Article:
The decision comes in a case brought by attorneys for six underage plaintiffs, who contend that the Colorado Oil and Gas Conservation Commission isn't doing enough to protect today's youth and future generations from the potential hazards of fossil-fuel drilling, from pollution-related respiratory ailments to environmental degradation and climate change. The teens had requested that the COGCC not issue any more permits for oil and gas drilling without scientific evidence that the activity "does not adversely impact human health and does not contribute to climate change."
The COGCC rejected the petition, maintaining that setting such a standard was beyond the agency's statutory authority. Denver District Court Judge Eric Elliff also ruled against the teens, declaring that the COGCC is merely required to "strike a balance" between oil and gas development and protecting public health, the environment and wildlife.
The plaintiffs contend that the COGCC approach isn't really "balanced," maintaining that they couldn't find a single instance where a permit was denied for health or environmental reasons. And the appeals court overruled Elliff, saying that state law "mandates that the development of oil and gas in Colorado be regulated subject to the protection of public health, safety, and welfare, including the protection of the environment and wildlife resources."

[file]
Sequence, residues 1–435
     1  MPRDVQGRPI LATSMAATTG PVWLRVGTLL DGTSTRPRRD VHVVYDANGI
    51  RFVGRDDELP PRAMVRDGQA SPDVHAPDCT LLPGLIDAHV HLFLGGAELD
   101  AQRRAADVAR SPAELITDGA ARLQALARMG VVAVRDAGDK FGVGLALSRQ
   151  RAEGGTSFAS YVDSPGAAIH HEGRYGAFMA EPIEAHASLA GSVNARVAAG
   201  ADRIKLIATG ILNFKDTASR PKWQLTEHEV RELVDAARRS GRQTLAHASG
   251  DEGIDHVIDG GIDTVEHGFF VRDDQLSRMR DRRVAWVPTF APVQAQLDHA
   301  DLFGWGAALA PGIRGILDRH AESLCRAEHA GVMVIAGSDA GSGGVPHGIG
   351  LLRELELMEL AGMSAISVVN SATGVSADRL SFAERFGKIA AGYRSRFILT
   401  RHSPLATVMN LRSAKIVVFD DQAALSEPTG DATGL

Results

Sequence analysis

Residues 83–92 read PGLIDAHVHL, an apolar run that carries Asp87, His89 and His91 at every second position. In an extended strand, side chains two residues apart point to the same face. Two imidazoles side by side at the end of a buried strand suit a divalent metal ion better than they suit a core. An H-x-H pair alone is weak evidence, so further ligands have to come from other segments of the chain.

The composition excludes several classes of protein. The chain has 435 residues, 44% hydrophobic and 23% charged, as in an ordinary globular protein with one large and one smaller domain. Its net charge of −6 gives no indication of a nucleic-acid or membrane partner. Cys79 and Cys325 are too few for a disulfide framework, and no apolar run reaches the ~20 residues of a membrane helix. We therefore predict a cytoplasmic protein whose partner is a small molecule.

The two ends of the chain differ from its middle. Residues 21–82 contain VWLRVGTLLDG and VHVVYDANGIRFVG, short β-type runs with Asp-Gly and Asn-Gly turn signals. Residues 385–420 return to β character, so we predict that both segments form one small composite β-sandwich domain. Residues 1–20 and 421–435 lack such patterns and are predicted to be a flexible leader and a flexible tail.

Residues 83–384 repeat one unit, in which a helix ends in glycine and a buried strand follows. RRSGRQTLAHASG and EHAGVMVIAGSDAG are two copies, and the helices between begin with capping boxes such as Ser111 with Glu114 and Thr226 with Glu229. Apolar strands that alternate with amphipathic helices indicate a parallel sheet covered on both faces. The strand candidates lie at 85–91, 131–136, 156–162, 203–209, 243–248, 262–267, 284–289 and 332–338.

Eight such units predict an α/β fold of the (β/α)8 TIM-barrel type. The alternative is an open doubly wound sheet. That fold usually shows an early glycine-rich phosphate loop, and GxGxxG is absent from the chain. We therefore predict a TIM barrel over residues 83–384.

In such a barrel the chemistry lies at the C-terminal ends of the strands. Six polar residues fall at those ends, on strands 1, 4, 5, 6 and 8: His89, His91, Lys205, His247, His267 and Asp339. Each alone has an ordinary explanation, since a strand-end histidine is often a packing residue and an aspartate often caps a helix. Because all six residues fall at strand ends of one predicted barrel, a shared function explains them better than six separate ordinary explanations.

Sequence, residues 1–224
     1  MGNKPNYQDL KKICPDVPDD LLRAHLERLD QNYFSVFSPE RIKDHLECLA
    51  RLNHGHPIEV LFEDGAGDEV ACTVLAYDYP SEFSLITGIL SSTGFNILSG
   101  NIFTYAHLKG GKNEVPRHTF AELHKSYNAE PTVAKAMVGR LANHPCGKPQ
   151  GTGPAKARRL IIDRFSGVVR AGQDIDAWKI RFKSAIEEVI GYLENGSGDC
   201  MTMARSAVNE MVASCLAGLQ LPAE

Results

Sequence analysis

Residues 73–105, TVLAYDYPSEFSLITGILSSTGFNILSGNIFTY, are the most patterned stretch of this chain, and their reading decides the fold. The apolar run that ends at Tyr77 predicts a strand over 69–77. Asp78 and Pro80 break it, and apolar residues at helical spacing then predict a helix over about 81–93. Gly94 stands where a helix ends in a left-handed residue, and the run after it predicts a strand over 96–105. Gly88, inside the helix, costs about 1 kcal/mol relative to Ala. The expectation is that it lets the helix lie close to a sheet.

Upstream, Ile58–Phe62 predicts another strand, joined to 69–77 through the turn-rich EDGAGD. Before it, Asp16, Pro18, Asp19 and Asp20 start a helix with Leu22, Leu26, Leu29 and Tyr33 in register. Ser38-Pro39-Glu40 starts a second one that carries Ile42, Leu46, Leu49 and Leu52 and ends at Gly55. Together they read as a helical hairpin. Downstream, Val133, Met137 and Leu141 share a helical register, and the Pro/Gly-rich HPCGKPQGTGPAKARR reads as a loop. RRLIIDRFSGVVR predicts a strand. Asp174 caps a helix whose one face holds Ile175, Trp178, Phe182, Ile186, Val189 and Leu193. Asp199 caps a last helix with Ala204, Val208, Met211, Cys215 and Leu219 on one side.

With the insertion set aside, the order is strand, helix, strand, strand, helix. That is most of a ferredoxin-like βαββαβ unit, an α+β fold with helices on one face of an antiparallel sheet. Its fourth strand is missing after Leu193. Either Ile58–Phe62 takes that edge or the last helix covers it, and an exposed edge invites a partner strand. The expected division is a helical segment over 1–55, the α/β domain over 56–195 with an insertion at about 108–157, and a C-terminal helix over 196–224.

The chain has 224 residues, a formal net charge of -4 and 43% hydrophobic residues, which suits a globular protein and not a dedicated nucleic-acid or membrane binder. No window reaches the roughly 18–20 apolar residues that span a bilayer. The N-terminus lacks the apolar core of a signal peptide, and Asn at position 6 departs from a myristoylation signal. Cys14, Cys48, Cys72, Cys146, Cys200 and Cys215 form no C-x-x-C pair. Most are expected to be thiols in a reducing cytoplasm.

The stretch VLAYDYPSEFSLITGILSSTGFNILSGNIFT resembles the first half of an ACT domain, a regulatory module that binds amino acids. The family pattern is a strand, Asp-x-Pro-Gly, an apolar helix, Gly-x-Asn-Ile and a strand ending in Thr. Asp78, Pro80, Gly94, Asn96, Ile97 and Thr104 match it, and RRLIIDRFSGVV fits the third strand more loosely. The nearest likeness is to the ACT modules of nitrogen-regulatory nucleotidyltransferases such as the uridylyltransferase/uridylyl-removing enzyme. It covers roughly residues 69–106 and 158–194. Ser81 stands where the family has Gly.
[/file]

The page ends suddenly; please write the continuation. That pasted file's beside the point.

The three-judge panel didn't rule on the merits of the rule change the teens were proposing. But the basic finding that the COGCC has been misapplying the law — assuming that it withstands future appeals — could open the door for fracking opponents to seek more stringent conditions for future drilling permits.
That's a big deal, because, as we've previously reported, county and municipal officials have been treading cautiously when dealing with fracking operations, uncertain over how much local control can be exerted, in the wake of Colorado Supreme Court decisions overturning a long-term moratorium in Fort Collins and an outright ban in Longmont. Recently, Colorado Attorney General Cynthia Coffman filed a lawsuit against Boulder County, too, claiming that its long-running moratorium on new rigs usurps the authority of the COGCC to oversee drilling operations. Last month, Broomfield's city council flirted with, then ultimately killed, a proposal for a short-term moratorium in the wake of a proposal by one company to drill up to 139 wells at four sites near residential areas.
Just how COGCC will respond to the rejection of its balancing test isn't clear. But for the young plaintiffs in the current suit, closely affiliated with the Boulder-based activist group Earth Guardians, this week's decision is something to Tweet about.